Primary Schools

Moved By Maths - 13 ACTIVE Ways to Teach Number Skills

Primary School Children Running in the Playground

According to one of the most extensive studies on active learning ever conducted, short bursts of physical activity in lessons can increase pupils' fact retention. There are many reasons for this, but the most compelling is the fact movement accelerates the flow of oxygen to the brain. Contrary to centuries of belief that stillness equals focus, it seems the human body enters a sort of 'standby' mode after prolonged sitting. To maximise its potential for learning, it needs to be active.  

When children move, their cells get flooded with oxygen. They are more alert, give faster responses and find it easier to engage with challenging concepts. This is particularly evident in maths lessons which require critical thinking and the ability to grasp abstract ideas. It's why child development experts strongly recommend teachers use dynamic activities to teach number skills. 

Try these active math games to give your pupils a burst of inspiration and show them numbers can be lots of fun!

1.Simon Says 'Spin!' 

How to Play: Put a twist on the traditional game of Simon Says by having pupils respond to directional instructions. Use 'full turn,' 'half turn' and 'quarter turn' to test children's knowledge of basic geometry. If they're confident with this, introduce the words 'clockwise' and anti-clockwise.' Increase the pace of your commands when as children get better at this.

Progression: Older children (KS2 and KS3) may be able to play this game with basic angles such as 90°, 180° and 360°. If your pupils need help, display pictures of these angles so they can use their knowledge of full turns, half turns and quarter turns to figure out the instructions.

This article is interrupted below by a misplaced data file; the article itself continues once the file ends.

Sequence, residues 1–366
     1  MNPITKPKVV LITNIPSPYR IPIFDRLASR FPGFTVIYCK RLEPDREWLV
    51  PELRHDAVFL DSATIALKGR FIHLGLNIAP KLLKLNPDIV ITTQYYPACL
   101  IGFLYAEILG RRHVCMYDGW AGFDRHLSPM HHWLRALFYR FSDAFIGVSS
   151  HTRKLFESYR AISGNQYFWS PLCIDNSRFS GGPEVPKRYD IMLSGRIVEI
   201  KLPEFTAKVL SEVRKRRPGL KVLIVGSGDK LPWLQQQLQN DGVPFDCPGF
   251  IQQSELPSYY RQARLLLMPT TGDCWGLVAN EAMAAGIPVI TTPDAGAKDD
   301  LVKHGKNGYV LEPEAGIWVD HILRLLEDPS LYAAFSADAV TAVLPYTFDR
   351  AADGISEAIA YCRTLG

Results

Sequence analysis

2. Hot Potato - Maths Edition!

How to Play: Ask your pupils to stand in a circle. Then, propose a maths question with multiple answers. For example, you might ask pupils to recite the two times table. Or you could ask them to name geometric shapes. Start the game by giving one child a softball or any easily passable object. As soon as he/she passes the ball to the next person in line, the 'clock' starts ticking. This child must provide an answer to the question before the ball makes it all the way around the circle and back to them. When the answer is given, the 'clock' stops. The child holding the ball must now pass the object to restart it and give an answer before it comes back to them. 

Progression: Make this game more challenging by requiring pupils to catch and throw the ball. Every time the 'clock' restarts, reverse the direction of play. You could even add a second ball and have two children trying to beat the 'clock' at the same time.

3. Catch It, Count It

How to Play: Use a permanent marker or stickers to write numbers across the surface of a beach ball. Throw the ball to a pupil and ask them to shout out the number their right thumb is touching.  They must then throw it to another pupil who repeats the process. However, they must also add their number to the first. Repeat until all of the children have taken a turn or, for a greater challenge, play for five minutes. Continue for five minutes and record the sum. Each time you play the game, add the sum to a graph.